- Associated Press - Wednesday, November 4, 2015

DENVER (AP) - Colorado reaffirmed its support for taxing marijuana in an election that showed that a state skeptical of most taxes fully supports extracting revenue from a growing pot industry.

The first state to legalize recreational pot sales voted overwhelmingly Tuesday to keep $66 million in recreational marijuana taxes raised last year. Voters embraced the state’s suggested spending plan for weed taxes: Schools, anti-drug efforts and money to regulate pot.

The only statewide ballot measure Tuesday had broad support from Democrats, Republicans, the marijuana industry and nearly every newspaper in Colorado. There was no organized opposition, and it passed easily even in conservative parts of the state known for rejecting taxes.

Colorado sold about $700 million worth of marijuana in 2014, the first year with retail pot shops. That number is expected to climb significantly in 2015 as more shops open. The state crossed the $100 million-a-month mark in August.

State law requires excess tax revenue to be returned to taxpayers, but voters agreed to make an exception with the marijuana revenue and direct it instead toward public education and drug-prevention programs.

If it had failed, Colorado taxpayers would have received refunds whether they purchased pot or not. The vote also means Colorado won’t have to roll back 10 percent sales taxes on recreational marijuana or refund a 15 percent excise tax on pot growers.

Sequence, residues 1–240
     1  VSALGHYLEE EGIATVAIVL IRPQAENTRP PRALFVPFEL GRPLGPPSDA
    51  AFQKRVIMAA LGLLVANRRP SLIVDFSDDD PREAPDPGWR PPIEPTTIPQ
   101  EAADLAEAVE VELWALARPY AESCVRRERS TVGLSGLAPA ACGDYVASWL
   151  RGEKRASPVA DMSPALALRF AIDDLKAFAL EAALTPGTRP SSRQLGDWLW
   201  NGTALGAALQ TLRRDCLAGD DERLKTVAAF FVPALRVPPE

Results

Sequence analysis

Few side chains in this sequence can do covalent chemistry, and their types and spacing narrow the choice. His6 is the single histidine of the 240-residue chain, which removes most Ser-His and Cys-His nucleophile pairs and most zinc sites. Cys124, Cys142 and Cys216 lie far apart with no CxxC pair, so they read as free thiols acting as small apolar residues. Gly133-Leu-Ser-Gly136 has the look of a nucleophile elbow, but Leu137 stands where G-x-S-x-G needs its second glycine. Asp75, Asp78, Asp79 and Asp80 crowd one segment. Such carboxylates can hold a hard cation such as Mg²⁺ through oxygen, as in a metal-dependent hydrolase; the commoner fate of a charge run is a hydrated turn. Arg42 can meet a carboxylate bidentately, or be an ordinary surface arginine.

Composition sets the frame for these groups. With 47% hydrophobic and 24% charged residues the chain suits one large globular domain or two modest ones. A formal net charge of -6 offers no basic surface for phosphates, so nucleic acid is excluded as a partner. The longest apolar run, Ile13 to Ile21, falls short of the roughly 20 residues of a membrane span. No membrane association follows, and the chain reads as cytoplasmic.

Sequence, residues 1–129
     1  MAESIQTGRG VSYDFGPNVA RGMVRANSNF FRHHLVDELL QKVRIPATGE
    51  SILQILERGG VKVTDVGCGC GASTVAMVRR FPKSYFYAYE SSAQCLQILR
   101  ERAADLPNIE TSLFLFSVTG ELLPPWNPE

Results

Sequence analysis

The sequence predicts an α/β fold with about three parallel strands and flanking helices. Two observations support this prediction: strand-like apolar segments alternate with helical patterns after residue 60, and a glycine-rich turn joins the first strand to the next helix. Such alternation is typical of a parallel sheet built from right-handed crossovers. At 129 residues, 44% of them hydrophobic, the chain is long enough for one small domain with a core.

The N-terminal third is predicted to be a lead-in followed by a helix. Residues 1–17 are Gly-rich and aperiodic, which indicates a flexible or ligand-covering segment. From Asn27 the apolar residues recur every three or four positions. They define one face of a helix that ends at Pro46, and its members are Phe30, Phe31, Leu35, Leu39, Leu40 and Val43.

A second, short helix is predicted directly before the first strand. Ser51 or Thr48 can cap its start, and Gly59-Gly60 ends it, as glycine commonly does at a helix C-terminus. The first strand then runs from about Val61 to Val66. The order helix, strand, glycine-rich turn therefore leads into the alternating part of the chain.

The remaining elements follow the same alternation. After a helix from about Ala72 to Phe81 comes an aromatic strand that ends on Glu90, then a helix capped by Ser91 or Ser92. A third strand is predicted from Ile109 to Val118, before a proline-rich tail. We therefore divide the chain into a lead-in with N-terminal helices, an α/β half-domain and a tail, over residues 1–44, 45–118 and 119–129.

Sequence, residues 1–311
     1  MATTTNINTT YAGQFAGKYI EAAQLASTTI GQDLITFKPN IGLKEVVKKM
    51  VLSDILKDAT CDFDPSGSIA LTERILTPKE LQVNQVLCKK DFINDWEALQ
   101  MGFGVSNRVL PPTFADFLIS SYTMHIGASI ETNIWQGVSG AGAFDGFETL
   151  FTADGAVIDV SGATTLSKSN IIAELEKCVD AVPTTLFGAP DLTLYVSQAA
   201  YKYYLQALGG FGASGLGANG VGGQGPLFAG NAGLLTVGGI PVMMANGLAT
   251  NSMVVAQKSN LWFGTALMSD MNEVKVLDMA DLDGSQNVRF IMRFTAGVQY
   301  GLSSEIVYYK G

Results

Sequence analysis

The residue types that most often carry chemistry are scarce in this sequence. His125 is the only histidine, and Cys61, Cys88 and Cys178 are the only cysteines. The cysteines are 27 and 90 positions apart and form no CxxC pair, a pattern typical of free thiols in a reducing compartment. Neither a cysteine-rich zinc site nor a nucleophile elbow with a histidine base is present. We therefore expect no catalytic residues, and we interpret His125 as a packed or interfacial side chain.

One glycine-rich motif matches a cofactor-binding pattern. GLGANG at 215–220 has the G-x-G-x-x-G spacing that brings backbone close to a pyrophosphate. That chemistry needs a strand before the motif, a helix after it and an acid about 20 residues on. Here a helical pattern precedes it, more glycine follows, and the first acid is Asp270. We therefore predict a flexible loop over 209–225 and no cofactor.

“I think there are enough issues with marijuana that we need some of that money to deal with them,” said one Denver voter, John Liptak.

Lawmakers insisted the money would be spent as voters generally intended when they approved the taxes in 2013. For example, the measure sends $40 million to a school construction fund.

Proposition BB also gives money to some new recipients, including the 4-H Club and Future Farmers of America. In the case of the youth clubs, the money is actually going to the Colorado State Fair, which expects to receive $300,000 for renovations.

The Colorado Department of Education will get $2 million for a new “school bullying prevention and education cash fund.”

An additional $200,000 goes to the Department of Law to train police. Roadside marijuana impairment could be the training topic, but the measure does not require the money to spend on anything pot-related.

Some $8 million doesn’t have a designated recipient. The measure’s main author, Democratic state Sen. Pat Steadman, said the $8 million will go to a Marijuana Tax Cash Fund, which can be used for numerous educational and anti-drug efforts.

It was the fourth time Colorado has approved either legalizing marijuana or taxing it. The state approved medical marijuana in 2000. It voted to legalize the drug for all adults in 2012. And it has now voted twice now in favor of taxing the drug, both by overwhelming margins.


Kristen Wyatt can be reached at https://www.twitter.com/APkristenwyatt

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